Trumpets No End

As the forces of evil descend on our embattled city, clear, bright notes in the N.Y. wilderness

Before dashing for the airport, Nicholson Baker's Checkpoint concealed in my carry-on, I also feel obliged to recommend Hugh Ragin's Revelation. You may remember Ragin from his bolting solos with Roscoe Mitchell and David Murray in the '80s. More recently, a teaching gig in Colorado has been keeping him out of New York, and Revelation has what I suspect is a hidden pedagogical agenda. Ragin and his pianoless quartet—with bassist William Parker, drummer Hamid Drake, and tenor saxophonist and bass clarinetist Assif Tsahar—give what amount to a survey course in free jazz, with special emphasis on early Ornette Coleman (trumpet and sax match pitch, then hit it on "Restoration Intensive"), Albert Ayler (on "The Battlefield," Tsahar's lurching bass clarinet hints at free jazz's dark side and Ragin makes like Donald Ayler with chops), and the AACM (a bit of spontaneous sound sculpture on "Skull Hill"). None of it sounds derivative, because Ragin's compositions bounce with glee and his solos jump with as many ideas as they do unusual intervals.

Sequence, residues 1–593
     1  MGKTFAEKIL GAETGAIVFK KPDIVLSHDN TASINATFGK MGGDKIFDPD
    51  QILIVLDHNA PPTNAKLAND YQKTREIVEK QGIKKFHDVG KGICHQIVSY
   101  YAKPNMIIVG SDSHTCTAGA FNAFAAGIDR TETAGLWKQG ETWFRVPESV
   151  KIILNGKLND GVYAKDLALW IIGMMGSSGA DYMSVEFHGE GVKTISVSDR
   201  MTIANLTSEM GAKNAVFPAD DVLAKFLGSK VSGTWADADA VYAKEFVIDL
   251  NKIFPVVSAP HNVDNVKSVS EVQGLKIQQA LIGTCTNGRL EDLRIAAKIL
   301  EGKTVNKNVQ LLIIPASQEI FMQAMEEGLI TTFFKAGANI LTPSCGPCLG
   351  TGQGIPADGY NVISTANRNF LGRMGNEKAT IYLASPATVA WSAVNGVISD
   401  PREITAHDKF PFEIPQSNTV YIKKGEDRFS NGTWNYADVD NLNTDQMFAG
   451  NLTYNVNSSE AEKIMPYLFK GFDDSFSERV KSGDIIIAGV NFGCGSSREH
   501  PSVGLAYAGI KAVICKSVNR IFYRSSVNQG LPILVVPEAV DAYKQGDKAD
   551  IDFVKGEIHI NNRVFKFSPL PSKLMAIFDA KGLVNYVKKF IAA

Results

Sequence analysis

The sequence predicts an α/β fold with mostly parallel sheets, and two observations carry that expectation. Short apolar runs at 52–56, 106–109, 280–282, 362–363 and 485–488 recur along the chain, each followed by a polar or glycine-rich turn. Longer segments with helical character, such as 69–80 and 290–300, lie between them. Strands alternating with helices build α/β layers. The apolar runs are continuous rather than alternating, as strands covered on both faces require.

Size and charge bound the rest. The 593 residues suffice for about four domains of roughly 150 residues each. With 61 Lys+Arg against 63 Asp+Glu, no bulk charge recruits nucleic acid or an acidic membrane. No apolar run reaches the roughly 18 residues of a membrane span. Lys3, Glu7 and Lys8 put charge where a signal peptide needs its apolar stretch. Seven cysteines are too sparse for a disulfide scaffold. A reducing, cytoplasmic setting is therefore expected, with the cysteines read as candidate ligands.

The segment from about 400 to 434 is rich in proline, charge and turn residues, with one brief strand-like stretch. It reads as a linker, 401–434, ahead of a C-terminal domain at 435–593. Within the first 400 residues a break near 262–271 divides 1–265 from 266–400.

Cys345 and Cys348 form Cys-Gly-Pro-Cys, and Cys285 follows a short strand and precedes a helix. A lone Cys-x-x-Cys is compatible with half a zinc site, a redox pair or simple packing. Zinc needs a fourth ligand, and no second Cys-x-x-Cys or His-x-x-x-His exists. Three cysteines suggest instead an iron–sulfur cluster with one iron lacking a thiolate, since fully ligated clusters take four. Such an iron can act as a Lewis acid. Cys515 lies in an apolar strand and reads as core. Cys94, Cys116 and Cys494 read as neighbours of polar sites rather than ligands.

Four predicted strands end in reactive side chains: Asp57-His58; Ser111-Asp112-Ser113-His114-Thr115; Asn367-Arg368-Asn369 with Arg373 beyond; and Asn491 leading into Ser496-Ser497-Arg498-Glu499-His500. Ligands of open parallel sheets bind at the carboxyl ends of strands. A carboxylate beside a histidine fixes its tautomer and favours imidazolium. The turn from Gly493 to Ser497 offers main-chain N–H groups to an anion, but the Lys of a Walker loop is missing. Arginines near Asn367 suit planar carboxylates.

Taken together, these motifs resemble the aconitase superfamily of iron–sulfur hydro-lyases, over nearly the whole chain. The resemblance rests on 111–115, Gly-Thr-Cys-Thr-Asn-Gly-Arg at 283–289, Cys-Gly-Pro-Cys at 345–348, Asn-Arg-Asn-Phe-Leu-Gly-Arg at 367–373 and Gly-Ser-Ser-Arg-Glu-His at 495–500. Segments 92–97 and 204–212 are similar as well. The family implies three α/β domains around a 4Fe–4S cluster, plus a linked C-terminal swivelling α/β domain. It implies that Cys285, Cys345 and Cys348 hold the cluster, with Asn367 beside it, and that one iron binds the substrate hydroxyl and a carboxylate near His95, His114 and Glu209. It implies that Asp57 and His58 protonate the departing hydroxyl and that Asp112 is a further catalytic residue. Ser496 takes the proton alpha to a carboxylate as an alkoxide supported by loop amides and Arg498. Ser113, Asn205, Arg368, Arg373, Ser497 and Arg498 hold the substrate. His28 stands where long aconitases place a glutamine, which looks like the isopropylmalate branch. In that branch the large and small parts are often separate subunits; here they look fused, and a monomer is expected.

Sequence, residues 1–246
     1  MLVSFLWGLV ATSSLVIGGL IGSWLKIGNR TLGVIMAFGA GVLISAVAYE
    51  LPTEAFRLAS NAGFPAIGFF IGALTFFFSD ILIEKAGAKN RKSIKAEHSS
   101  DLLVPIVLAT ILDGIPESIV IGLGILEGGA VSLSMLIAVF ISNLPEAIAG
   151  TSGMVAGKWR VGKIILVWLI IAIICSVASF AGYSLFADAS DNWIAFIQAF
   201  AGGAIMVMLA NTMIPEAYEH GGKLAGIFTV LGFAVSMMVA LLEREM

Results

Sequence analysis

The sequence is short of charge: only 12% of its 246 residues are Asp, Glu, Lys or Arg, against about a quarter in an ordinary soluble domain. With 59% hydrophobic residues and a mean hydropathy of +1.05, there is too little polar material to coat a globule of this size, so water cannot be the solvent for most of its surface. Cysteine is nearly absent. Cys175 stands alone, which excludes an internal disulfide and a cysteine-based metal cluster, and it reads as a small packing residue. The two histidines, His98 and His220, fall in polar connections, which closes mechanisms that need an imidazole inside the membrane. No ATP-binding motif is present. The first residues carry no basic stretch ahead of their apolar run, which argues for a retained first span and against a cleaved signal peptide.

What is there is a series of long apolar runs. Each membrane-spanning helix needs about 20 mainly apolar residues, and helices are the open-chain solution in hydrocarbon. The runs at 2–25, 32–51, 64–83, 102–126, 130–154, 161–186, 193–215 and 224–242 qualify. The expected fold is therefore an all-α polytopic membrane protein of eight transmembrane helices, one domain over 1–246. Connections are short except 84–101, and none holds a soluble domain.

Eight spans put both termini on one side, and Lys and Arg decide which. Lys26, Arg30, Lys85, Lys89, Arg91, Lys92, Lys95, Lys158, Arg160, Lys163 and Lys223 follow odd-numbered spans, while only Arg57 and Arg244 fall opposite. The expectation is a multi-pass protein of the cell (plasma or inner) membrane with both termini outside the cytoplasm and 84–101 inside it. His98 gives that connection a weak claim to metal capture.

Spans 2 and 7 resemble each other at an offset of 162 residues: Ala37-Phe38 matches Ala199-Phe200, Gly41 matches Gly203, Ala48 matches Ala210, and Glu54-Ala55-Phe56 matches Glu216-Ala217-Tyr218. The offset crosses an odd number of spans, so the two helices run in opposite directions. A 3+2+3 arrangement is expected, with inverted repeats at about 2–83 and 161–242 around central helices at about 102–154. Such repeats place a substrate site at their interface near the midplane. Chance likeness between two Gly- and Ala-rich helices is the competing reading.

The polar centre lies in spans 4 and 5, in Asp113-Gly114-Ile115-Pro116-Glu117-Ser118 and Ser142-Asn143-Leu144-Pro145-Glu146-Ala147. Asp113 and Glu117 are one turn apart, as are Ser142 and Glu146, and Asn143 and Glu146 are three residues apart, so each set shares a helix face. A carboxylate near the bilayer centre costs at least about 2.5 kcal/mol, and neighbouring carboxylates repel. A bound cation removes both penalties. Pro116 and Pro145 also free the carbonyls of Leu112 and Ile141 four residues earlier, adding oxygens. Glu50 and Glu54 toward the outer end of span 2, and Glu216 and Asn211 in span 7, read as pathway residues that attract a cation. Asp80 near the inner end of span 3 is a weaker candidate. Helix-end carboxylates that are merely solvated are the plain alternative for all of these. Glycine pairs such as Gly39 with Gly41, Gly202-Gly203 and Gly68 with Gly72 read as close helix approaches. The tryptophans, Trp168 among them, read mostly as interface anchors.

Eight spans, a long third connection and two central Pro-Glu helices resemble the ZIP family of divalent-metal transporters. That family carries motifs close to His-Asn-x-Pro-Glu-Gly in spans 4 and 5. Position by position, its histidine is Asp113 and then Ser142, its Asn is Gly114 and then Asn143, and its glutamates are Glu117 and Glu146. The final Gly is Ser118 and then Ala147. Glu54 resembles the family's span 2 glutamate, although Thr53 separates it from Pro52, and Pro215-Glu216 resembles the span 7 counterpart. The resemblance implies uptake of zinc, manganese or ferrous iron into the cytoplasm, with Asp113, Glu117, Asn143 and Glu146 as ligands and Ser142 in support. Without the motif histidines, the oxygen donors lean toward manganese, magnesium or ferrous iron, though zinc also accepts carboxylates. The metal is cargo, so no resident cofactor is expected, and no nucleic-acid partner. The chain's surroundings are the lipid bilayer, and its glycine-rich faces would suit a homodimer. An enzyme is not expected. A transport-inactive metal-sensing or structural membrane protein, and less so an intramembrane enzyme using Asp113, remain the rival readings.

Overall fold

Sensationally gifted Jeremy Pelt
photo: tinazimmer.com
Sensationally gifted Jeremy Pelt

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Jeremy Pelt
Close to My Heart
Maxjazz

Ron Horton
Subtextures
Fresh Sound New Talent

Hugh Ragin
Revelation
Justin Time

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